Franz Olah (13 March 1910 – 4 September 2009) was an Austrian politician who served as the country's Interior Minister from 1963 until 1964 as a member of the Social Democratic Party (SPÖ).
Olah was born on 13 March 1910 in Vienna. He attended school in Budapest for three years. Olah returned to his native Vienna from Budapest where he learned to build pianos. He also began developing ties with Austrian trade unions and the Social Democratic Party of Austria during this period of his life.
Olah found himself in trouble with the police during the 1930s. In 1938, Austria lost its independence and was annexed by Nazi Germany during the Anschluss, which brought the rule of Adolf Hitler and the Nazis. Olah was arrested by the Nazis following the Anschluss and deported on the very first train of Austrian prisoners to the Dachau concentration camp in 1938. He was transferred as a prisoner to several German concentration camps throughout World War II. Olah was finally freed shortly before the end of World War II.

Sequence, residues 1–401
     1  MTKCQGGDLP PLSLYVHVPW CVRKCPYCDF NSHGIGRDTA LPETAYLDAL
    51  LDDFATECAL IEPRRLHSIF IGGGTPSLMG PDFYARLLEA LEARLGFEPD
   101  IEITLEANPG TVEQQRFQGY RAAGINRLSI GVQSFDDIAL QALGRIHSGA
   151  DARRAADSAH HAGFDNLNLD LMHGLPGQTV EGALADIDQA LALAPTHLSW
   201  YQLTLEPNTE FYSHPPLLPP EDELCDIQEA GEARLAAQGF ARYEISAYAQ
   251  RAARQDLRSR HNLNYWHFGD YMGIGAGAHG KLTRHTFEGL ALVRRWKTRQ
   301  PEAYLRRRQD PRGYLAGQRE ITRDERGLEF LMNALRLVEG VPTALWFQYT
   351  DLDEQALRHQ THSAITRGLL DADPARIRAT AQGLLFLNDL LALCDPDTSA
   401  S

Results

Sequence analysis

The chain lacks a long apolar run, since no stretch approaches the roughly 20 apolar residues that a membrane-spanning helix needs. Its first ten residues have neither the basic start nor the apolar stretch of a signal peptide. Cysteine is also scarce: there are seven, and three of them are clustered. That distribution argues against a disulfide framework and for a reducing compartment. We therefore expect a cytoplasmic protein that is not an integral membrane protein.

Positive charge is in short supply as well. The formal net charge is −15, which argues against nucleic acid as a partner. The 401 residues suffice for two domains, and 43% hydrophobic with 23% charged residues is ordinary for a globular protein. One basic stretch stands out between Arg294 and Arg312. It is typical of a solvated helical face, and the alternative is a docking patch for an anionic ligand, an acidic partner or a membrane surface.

Olah was elected as a member of the Austrian Parliament in 1948. He served as second president (Zweite Präsident) of its lower house, the National Council, from 1959 until 1961. He next served as the Austrian Interior Minister from 1963 until 1964.
Olah opposed the 1950 Austrian general strikes by means of force.
Olah resigned from the Social Democratic Party (SPÖ) in 1964. He was also caught in a financial scandal during this time period.
He founded the now defunct Democratic Progressive Party (Demokratische Fortschrittliche Partei) in 1965. The party garnered more than 3% of the vote in the 1966 Austrian legislative election, but failed to win any seats in Parliament. In 1969, the Democratic Progressive Party won three seats on the Vienna city council.
Franz Olah died on 4 September 2009 at the age of 99.